“Eleonora” — Edgar Allan Poe

Biblioklept

“Eleonora” by Edgar Allan Poe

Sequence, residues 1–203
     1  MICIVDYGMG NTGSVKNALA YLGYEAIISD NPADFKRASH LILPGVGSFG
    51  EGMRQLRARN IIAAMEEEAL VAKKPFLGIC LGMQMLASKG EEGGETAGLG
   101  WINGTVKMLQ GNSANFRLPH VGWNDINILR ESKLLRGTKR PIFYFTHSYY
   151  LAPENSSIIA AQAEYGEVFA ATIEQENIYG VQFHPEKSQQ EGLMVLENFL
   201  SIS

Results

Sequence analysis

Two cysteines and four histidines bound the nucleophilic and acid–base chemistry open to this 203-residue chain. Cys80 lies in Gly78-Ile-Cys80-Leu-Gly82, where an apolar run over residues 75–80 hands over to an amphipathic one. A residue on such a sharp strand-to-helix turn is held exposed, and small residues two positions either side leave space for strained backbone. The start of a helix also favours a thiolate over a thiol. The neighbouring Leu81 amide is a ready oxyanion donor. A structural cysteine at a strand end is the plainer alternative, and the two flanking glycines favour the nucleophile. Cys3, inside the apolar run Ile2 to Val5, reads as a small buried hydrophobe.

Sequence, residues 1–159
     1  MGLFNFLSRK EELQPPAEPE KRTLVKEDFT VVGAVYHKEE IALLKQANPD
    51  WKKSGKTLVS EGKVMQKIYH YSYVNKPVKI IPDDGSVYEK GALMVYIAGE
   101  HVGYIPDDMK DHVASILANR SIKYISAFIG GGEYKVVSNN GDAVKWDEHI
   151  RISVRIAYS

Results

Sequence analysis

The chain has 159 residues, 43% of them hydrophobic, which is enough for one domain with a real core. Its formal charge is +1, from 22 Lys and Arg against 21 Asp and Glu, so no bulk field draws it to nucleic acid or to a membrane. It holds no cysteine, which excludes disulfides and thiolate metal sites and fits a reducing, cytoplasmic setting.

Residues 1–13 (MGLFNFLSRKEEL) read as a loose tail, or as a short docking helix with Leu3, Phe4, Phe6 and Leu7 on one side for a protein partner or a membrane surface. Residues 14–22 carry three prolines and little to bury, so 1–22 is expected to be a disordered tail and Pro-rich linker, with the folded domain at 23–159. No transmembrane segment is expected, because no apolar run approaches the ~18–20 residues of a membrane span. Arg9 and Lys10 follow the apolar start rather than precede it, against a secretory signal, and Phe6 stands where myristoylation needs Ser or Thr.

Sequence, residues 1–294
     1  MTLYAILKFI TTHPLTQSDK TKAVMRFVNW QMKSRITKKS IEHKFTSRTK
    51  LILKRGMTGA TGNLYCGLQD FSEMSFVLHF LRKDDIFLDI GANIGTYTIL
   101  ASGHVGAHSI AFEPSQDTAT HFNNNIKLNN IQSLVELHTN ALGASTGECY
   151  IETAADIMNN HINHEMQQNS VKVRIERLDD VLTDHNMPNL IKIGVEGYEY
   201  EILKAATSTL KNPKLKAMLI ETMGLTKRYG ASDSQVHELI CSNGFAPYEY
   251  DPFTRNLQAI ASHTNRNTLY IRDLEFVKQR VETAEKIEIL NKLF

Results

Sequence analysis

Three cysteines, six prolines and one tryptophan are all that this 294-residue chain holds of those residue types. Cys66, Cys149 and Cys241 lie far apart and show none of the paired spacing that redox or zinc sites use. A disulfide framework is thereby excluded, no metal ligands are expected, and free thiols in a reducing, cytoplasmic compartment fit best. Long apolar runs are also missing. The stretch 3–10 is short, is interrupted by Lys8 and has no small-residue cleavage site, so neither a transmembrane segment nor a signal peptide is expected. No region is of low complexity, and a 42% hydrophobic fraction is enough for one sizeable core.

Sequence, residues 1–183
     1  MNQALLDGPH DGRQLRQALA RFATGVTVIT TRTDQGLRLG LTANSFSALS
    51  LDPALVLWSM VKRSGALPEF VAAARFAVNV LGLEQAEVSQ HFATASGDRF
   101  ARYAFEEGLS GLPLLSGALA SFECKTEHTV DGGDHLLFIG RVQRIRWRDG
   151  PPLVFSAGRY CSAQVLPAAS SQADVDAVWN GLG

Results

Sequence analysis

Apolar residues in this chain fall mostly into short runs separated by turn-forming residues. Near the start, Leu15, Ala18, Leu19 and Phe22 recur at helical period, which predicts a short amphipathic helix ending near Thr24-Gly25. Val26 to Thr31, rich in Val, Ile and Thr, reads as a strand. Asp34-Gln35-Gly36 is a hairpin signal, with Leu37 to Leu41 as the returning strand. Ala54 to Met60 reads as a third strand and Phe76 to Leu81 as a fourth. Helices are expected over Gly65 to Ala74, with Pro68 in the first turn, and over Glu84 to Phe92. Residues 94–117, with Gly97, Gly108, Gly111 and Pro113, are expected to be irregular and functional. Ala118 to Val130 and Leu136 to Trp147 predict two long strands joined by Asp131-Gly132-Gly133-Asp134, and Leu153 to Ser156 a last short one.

I AM come of a race noted for vigor of fancy and ardor of passion. Men have called me mad; but the question is not yet settled, whether madness is or is not the loftiest intelligence—whether much that is glorious—whether all that is profound—does not spring from disease of thought—from moods of mind exalted at the expense of the general intellect. They who dream by day are cognizant of many things which escape those who dream only by night. In their gray visions they obtain glimpses of eternity, and thrill, in awakening, to find that they have been upon the verge of the great secret. In snatches, they learn something of the wisdom which is of good, and more of the mere knowledge which is of evil. They penetrate, however, rudderless or compassless into the vast ocean of the “light ineffable,” and again, like the…

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